|154 Suddenly confusion was caused in the rear of Wang Lang's army by the sudden onslaught of a small army. Wang Lang galloped off to see the attackers were Zhou Yu and Cheng Pu. Then an attack was made on his flank, so that he was in a hopeless position, and he and Yan Baihu and Zhou Xin, fighting desperately to cut an alley out, only just managed to reach the shelter of the city. The drawbridges were raised, the gates closed, and preparations made to sustain a siege.
|155 Sun Ce followed right up to the walls and then divided his troops so as to attack all four gates. Seeing that the city was being fiercely attacked, Wang Lang was for making a sortie, but Yan Baihu opposed this as hopeless against so strong a force outside.
|156 "We can only strengthen our position and remain behind the shelter of the ramparts until hunger forces the besiegers to retire," said Yan Baihu.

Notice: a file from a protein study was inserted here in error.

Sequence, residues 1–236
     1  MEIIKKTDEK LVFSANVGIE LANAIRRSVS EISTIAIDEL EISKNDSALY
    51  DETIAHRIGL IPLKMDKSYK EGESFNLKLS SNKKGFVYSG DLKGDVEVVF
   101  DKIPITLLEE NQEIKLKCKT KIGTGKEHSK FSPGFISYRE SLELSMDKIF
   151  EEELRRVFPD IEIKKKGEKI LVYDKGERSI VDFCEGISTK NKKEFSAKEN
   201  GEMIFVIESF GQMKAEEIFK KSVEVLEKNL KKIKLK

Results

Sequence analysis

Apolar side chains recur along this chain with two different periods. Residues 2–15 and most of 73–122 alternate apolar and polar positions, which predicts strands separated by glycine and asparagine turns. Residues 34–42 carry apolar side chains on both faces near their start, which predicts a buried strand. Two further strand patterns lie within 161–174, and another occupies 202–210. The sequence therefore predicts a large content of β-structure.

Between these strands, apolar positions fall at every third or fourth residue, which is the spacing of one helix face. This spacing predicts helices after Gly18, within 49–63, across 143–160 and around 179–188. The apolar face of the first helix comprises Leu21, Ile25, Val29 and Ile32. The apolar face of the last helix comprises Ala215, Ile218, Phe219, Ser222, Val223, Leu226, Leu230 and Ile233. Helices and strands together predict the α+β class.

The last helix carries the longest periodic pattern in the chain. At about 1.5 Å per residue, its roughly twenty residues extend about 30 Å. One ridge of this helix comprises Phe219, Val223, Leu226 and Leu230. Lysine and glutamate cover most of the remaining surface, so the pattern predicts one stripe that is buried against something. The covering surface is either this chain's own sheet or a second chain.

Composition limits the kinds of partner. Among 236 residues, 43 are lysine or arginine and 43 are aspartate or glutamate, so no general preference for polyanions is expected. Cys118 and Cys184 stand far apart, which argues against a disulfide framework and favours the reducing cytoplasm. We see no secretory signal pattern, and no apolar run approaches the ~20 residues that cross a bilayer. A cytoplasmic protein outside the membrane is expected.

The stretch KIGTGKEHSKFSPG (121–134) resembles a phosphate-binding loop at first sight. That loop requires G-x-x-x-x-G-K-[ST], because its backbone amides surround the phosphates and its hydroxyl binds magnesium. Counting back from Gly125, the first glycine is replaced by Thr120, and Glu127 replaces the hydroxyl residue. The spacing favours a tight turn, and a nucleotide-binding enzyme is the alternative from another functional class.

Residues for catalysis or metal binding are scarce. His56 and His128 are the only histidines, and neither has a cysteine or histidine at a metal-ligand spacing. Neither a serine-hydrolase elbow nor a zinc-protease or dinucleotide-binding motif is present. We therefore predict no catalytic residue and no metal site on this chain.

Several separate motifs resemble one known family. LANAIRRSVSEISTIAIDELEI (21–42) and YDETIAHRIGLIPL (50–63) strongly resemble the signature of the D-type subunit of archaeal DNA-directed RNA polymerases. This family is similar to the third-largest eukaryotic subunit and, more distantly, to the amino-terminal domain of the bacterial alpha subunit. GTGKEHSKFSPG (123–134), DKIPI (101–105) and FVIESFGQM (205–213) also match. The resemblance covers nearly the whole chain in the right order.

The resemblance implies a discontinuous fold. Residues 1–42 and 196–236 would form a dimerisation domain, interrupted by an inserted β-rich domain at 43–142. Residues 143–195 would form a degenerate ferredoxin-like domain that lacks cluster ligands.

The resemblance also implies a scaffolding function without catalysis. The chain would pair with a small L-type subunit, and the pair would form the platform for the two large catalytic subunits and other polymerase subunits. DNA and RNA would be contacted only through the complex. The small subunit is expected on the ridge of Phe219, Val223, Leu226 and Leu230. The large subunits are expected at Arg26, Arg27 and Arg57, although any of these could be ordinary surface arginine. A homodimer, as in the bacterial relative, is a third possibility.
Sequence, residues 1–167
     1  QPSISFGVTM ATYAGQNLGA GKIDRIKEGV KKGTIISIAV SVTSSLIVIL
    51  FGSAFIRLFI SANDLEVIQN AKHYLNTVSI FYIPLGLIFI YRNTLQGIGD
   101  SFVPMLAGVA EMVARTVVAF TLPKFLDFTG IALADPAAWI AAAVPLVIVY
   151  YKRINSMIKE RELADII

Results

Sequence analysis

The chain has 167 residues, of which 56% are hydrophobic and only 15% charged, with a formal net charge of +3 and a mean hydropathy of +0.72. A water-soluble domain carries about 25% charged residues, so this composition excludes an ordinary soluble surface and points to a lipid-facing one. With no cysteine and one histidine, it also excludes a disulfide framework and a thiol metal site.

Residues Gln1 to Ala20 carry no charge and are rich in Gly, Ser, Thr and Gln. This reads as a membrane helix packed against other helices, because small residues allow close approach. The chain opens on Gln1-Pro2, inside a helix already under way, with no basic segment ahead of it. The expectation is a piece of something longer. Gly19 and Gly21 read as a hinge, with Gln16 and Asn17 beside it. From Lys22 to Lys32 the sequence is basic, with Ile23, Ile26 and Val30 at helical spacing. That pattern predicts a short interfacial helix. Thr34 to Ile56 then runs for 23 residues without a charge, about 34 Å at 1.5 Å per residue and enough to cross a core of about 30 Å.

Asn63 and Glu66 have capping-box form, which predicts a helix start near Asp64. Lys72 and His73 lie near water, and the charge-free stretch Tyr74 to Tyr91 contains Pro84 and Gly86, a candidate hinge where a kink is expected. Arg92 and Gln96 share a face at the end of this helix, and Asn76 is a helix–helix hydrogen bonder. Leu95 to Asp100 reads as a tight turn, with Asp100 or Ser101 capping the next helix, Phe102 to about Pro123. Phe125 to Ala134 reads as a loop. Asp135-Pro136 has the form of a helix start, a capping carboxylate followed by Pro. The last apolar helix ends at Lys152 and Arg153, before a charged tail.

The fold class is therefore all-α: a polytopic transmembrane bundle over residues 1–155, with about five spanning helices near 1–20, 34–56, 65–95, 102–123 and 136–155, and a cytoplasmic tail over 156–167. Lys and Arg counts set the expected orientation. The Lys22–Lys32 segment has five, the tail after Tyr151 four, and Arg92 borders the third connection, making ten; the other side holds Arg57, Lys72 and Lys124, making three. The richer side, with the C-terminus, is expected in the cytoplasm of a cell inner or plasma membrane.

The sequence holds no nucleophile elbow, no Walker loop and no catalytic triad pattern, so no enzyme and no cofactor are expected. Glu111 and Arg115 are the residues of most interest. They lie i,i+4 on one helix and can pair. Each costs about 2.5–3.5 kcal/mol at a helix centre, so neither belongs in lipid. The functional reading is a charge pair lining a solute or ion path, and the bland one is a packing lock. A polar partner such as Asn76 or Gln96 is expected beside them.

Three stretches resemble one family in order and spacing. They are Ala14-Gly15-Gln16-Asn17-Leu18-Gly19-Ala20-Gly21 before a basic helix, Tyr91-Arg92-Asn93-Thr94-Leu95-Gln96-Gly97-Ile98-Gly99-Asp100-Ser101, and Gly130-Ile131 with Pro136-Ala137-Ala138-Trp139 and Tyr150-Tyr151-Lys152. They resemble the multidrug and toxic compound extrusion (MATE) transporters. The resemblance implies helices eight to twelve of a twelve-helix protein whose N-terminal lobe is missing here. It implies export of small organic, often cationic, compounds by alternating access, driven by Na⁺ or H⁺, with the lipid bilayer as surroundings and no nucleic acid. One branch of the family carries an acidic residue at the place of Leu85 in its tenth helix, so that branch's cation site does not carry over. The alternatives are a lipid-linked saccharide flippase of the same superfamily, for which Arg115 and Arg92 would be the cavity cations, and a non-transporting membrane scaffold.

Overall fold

|157 Wang Lang agreed, and the siege went on. For several days a vigorous attack was maintained, but with little success.
|158 In a council, Sun Jing, who was the uncle of Sun Ce, said, "Since they are holding the city with such resolution, it will be difficult to dislodge them. But the bulk of their supplies is stored at Chadu, distant only some ten miles. Our best plan is to seize this place, thus attacking where the enemy is unprepared, and doing what they do not expect."
|159 Sun Ce approved, saying, "My uncle's plan is admirable and will crush the rebels."
|160 So he issued orders to kindle watch fires at all the gates, and leave the flags standing to maintain the appearance of soldiers in position while the expedition went south.
|161 Zhou Yu came to utter a warning, "When you, my lord, go away, the besieged will surely come out and follow you. We might prepare a surprise for them."
|162 Sun Ce replied, "My preparations are complete, and the city will be captured tonight."
|163 So the army set out. Wang Lang heard that the besiegers had gone, and he went up to the tower to reconnoiter. He saw the fires blazing, the smoke rising, and the pennons fluttering in the breeze as usual and hesitated.
|164 Zhou Xin said, "He has gone and this is only a strategy. Let us go out and smite them."
|165 Yan Baihu said, "If he has gone, it is to attack Chadu. Let us pursue."